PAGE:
I felt a little subversive, starting this book on Easter Sunday.
You could say that Beneath the Tor is a mash-up of New Testament history and the backstory of the King Arthur legend, but that would be a little unfair. Yares has certainly re-imagined the life and death of Jesus, and along the way, she explains who Mary Magdalene might have been, and why Joseph of Arimathea might ever have traveled to Glastonbury, England.
The main character in this novel is Miriam, a priestess of the old religion as practiced on the Isle of Avalon. She has known Yahshua since they were children, and the two of them are in love. However, Joseph of Arimathea, who is both Miriam's father and Yahshua's uncle, is grooming Yahshua for the role of the Jewish Messiah. Joseph hopes that the Jews who rally around the Messiah will overthrow the Romans and end their occupation of Judea.
I won't go much farther into describing the plot. Suffice it to say that this novel would give Biblical literalists a coronary. Yares has described a very different -- and mostly plausible -- explanation for the goings-on in the early days of the church. I did have some trouble believing that Yahshua would become such a hard-liner as he got older.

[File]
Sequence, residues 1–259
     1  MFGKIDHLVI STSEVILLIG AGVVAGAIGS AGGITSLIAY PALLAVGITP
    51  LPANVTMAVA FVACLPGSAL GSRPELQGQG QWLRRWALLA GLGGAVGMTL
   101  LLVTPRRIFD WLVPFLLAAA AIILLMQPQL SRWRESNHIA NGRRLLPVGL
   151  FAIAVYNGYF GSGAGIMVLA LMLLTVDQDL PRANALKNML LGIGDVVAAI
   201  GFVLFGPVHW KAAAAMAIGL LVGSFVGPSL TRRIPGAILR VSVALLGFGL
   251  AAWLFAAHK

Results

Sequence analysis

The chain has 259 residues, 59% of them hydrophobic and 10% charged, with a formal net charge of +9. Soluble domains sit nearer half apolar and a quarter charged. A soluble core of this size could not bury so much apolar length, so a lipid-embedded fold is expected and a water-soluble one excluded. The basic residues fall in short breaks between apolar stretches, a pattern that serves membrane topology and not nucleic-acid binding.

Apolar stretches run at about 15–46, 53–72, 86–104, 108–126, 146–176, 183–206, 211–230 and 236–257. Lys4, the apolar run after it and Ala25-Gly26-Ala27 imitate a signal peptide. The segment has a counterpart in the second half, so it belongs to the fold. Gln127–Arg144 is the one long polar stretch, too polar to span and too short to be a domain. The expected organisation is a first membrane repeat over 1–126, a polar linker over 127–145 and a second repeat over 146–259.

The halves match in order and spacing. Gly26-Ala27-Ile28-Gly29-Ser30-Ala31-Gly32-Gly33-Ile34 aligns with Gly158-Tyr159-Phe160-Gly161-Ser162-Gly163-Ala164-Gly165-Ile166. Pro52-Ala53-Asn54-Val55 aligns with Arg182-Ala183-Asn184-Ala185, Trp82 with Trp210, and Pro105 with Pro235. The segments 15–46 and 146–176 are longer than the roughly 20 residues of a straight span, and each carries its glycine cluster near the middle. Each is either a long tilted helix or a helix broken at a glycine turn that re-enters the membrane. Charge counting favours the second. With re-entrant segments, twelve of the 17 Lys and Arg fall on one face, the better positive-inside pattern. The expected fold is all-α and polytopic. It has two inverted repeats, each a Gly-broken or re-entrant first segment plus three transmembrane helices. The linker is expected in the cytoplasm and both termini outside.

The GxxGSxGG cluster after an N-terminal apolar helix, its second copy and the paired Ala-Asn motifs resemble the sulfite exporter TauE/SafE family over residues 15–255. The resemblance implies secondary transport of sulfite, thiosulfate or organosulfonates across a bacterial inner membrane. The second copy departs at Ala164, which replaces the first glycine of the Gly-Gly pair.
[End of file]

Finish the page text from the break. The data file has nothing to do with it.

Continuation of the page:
So the plot is interesting and worthwhile. Unfortunately, the book could use an editor's careful hand. I found numerous errors in punctuation, particularly in dialogue, and a few terms were used incorrectly. For example, there's a construction technique that's called wattle and daub, but it's referred to as "waddle" in the book.
With a better edit, I'd be pleased to recommend this book.